The next generation face being in their 50s before they have paid off their student loans and in their 60s before they are mortgage free, research has shown today.
The Scottish Widows study argued that rising life expectancies, combined with people being saddled with large debts earlier in life, mean that today's children should start saving for their retirement at the age of 25 if they want to enjoy a comfortable old age.
Economist Steve Lucas argued that financial pressures from university and housing costs will mean that the next generation will only be able to afford smaller pension contributions, meaning they need to start saving from around 25 years old to prepare for 30 years of retirement.
A fifth of households said they have no emergency cash while another 12 per cent said they have less than £250 for a rainy day.
It is generally recommended to build up a minimum of three months take-home pay as a "salary cushion", typically £5,756.
Some 28 per cent of those who took part in the survey said they would be unable to cover rent or mortgage payments if they unexpectedly lost their income.
One in 10 said they would be forced to rely on a credit card, personal loan or an overdraft.
Almost a third of families have savings which would last just five days if they were faced with a financial emergency, research has found.
Of those surveyed, 31 per cent had less than £250 put aside as a safety net, three per cent higher than in a similar study from last year, HSBC said.
For the average family, monthly outgoings are £1,669 - just under £55 a day - which would see savings of £250 savings run out five days.
Families have been hit by soaring transport and childcare costs, leaving them with a "monumental" task of trying to earn enough to get by. Daybreak's ITV Carla Eberhardt reports.
Families have been hit by soaring transport and childcare costs, leaving them with a "monumental" task of trying to earn enough to get by.Read the full story ›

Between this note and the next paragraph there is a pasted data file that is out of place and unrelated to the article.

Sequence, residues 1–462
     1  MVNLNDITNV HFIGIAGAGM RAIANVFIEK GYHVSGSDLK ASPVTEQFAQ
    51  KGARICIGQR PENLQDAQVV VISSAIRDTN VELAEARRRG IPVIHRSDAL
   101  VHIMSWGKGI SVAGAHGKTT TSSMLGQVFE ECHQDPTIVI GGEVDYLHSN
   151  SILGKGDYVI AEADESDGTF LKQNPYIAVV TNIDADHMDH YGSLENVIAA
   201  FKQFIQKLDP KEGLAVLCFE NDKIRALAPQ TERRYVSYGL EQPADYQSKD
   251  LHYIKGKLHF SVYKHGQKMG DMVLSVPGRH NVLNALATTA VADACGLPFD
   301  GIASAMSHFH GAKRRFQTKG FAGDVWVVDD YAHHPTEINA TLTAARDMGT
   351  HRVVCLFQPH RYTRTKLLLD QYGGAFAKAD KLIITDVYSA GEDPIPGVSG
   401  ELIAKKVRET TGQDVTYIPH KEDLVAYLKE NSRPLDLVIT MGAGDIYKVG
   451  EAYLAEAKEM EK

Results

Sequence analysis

Twenty-one detailed focus groups with ordinary people from different kinds of household (such as families with children, pensioners and single people) had detailed discussions about the necessary elements of a household budget for each family type.
Experts looked at these budgets to ensure that they provided an adequate diet and met basic needs like keeping a home warm. On this basis the weekly minimum budget:
• For a couple with two children is £454.52 (benefits provide 60% of this amount)
• For a pensioner couple is £231.48, provided entirely by Pension Credit
• For a lone parent with one child is £275.59 (benefits provide 60% of this amount)
• For a single working-age person is £192.59 (benefits provide 40% of this amount)
Hourly wages needed for a minimum income standard: £8.38 for a single person, £9.39 for a couple with two children and £12.20 for a lone parent with one child.
- Childcare: minimum costs have risen by nearly a third. In 2008, child minders outside London charged on average £2.70 an hour; now they charge £3.50. Childcare is families single biggest weekly outgoing.
- Transport: bus travel has doubled in price since the late 1990s which, combined with cuts to public transport, means families with children now deem a car as an essential for the first time.
- Tax credits: cuts to tax credits have increased earning requirements substantially, more than cancelling out the benefit of higher income tax thresholds.
A single person needs to spend £193 a week to reach a minimum standard of living.
A single person in work needs to earn £16,400 a year, in order to be left with £193 a week net after paying a basic rent, tax and national insurance.
A couple with two children aged 3 and 7 needs to spend £455 a week to reach a minimum standard of living.
Excluding rent and childcare £455 If neither parent works, the family will get £281 a week, leaving them £174 short of what they need.
If one parent works, they will need to earn £34,900 a year, in order to be left with £455 a week net after paying a basic rent, tax and national insurance, and receiving tax credits and child benefit.
If both parents work full-time, they will each need to earn £18,400 a year in order to be left with £455 a week net after paying basic rent, childcare, tax, and national insurance and receiving tax credits and child benefit.
For someone out of work, benefits will provide £85 a week, £108 short of what they need.
Yet again we are seeing evidence of working families being hit hardest by a perfect storm of soaring living costs and cuts to services and crucial support, like working tax credits.
"Millions of families are struggling to get by on dwindling incomes and even when both parents work full time they each need to earn 50% above the minimum wage, in order to provide a decent standard of living for their kids.
"These figures are a warning that we could see a generation of families that have to go without essentials."
People are being more modest in terms of what they think needs to be spent on participating in society, but this thrift has been outweighed by rising costs.
"Parents have not changed their view of most needs, including a nutritious diet and participation by children in activities vital for social inclusion. What has changed is the ability of many families to afford such essentials."